Mike Petoskey was Michigan born in the year 1951 to Arabell and Archibald Petoskey in the Northern part of the Lower Peninsula of Michigan State. It was there that Mike would learn to skate on the local Winter ponds when he was just 9 months old. Arabell and Archibald knew they had something special in their son, so they packed up and moved to Duluth, Minnesota where they enrolled him in the Minnesota Youth Hockey Academy. It was there that Mike learned the game of hockey and quickly became the best hockey player in the academy at the age of three.
Having surpassed all the requirements to graduate from the academy at just 5 years old, Mike would play pickup games against kids 3 times his age and would always be the top scoring player. Every kid in the area wanted Mike on their team. Mike went to Lake Superior High School where he also played hockey for the Lake Superior Lake Trouts. Mike took the Lake Trouts to the Minnesota State High School Championships his Freshman through his Senior years, winning every year.
After graduating from his senior year of high school, Mike went on to play College hockey for St. Cloud Minnesota U. It was Mike Petoskey that put St. Cloud hockey on the College Hockey map. St. Cloud Minnesota U is now recognized as one of the best College hockey teams in the Midwest. There is a statue honoring Mike Petoskey that overlooks the Mississippi River outside of the St. Cloud Minnesota U National Hockey Center.
After four undefeated seasons at St. Cloud Minnesota U and four NCAA Division 1 Championships, Mike Petoskey was drafted by the Minnesota Ice Loons in 1972 at the age of 22. Mike was respected for not taking the easy way to the Pros. He was in hot demand even before high school, but he insisted on playing High school and College hockey before joining the big leagues.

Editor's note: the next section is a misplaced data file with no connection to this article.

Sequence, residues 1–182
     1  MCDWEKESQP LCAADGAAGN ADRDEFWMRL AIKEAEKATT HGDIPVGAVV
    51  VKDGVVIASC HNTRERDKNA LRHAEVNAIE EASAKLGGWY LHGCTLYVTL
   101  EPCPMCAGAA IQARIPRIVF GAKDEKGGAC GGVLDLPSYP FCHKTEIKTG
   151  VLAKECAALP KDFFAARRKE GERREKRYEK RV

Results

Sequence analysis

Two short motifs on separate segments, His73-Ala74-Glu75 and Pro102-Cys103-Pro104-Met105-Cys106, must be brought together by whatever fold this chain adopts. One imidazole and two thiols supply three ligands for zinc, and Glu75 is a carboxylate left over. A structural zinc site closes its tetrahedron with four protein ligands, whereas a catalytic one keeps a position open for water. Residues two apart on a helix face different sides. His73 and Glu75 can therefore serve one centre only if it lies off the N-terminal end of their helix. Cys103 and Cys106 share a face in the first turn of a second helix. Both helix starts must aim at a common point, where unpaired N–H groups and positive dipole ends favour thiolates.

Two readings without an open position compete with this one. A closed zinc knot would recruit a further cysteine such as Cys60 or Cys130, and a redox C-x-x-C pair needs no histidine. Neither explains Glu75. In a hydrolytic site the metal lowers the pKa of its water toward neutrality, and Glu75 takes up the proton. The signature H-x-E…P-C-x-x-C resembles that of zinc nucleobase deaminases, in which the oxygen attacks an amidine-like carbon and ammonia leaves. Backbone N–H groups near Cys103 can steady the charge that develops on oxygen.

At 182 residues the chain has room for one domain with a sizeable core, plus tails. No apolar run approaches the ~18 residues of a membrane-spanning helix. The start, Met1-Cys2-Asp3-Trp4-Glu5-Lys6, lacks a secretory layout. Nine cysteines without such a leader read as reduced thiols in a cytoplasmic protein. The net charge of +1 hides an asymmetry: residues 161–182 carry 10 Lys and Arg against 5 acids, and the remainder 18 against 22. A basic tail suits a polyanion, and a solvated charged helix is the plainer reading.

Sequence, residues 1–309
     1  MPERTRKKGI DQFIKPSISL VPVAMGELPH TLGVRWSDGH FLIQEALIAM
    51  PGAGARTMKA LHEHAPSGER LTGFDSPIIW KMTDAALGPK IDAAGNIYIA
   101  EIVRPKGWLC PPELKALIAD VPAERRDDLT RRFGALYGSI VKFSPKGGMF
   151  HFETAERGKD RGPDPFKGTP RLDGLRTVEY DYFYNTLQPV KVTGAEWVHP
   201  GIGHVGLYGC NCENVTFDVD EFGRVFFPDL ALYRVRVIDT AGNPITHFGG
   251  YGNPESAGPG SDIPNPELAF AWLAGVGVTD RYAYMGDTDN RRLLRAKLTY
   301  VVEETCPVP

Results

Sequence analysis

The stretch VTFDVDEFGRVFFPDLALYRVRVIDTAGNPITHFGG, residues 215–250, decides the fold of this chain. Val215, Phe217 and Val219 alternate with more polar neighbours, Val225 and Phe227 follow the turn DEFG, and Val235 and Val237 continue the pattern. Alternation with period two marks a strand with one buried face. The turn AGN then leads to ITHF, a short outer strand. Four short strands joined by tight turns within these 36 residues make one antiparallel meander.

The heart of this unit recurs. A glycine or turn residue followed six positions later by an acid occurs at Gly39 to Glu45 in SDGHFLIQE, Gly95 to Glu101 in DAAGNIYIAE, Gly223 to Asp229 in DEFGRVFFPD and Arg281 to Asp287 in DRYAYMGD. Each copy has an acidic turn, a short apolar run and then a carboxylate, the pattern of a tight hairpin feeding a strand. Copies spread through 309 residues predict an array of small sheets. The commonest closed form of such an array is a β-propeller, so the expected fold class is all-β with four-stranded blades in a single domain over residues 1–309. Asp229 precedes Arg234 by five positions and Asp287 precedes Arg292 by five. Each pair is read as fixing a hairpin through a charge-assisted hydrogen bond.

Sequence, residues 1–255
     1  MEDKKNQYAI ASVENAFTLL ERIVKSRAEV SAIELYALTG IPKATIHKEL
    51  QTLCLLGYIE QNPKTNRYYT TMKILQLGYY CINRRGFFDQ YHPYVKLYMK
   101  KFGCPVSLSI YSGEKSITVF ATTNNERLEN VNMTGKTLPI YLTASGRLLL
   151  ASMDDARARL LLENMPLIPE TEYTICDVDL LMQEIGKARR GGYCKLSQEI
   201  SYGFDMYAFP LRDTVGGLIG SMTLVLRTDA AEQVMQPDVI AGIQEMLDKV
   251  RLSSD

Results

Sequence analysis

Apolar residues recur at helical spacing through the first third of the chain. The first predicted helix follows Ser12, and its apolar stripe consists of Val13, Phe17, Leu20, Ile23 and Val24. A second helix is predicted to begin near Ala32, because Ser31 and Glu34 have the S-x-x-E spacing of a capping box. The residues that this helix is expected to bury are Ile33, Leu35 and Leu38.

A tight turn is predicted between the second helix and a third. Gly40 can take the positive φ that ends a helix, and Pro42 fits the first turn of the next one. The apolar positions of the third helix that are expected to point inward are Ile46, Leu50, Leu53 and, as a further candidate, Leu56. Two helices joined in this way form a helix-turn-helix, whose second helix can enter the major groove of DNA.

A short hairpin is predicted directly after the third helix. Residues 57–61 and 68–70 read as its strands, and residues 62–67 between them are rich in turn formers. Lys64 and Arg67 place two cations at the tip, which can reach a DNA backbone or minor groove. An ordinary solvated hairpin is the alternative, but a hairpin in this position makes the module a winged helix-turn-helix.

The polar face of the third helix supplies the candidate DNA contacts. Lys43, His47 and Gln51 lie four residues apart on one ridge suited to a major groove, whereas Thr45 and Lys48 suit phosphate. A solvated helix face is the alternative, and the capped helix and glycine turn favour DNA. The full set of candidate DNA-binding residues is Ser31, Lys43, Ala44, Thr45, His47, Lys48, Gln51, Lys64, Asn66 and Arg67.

Mike played six straight undefeated seasons With the Ice Loons (1972-1977) winning 492 consecutive regular season games, all his Playoff games, and held the Midwest Cup every year of his professional career.
Playing undefeated into the 1978 Ice Loons season, Mike’s unsurpassed career came to an abrupt and tragic end in a bizarre ice fishing accident.
On the fateful night of February 17th, 1978, Mike decided on what he thought was the perfect spot for his ice fishing hole on Caribou Lake in Northern Minnesota. Mike was a lover of beer and he had had too many Grain Belts (and a few shots of peppermint schnapps) that night. Unfortunately, that was not a good spot to ice fish at all. The combination of putting his fishing hole too close to a pressure ridge, and the weight of the giant walleye that he caught, caused the ice to give way bringing Mike Petoskey into the icy waters, never to be found.
Mike Petoskey’s legend lives on (some sightings are said to have occurred in the Northern Minnesota woodlands, but have never been confirmed). After his disappearance into the Winter waters of Caribou Lake, Mike Petoskey’s legend lives on in the bars, taverns, churches, temples, and homes of the Upper Midwest. Michigan named their official state stone the Petoskey Stone and the Michigan town where he was born was renamed Petoskey. In Minnesota, the Great Petoskey Ice Festival is held each year in February, and we here at Petoskey’s in Fremont hold Mike Petoskey Day every February 17th.
Mike Petoskey was 27 when he disappeared. 1951- 1978(?)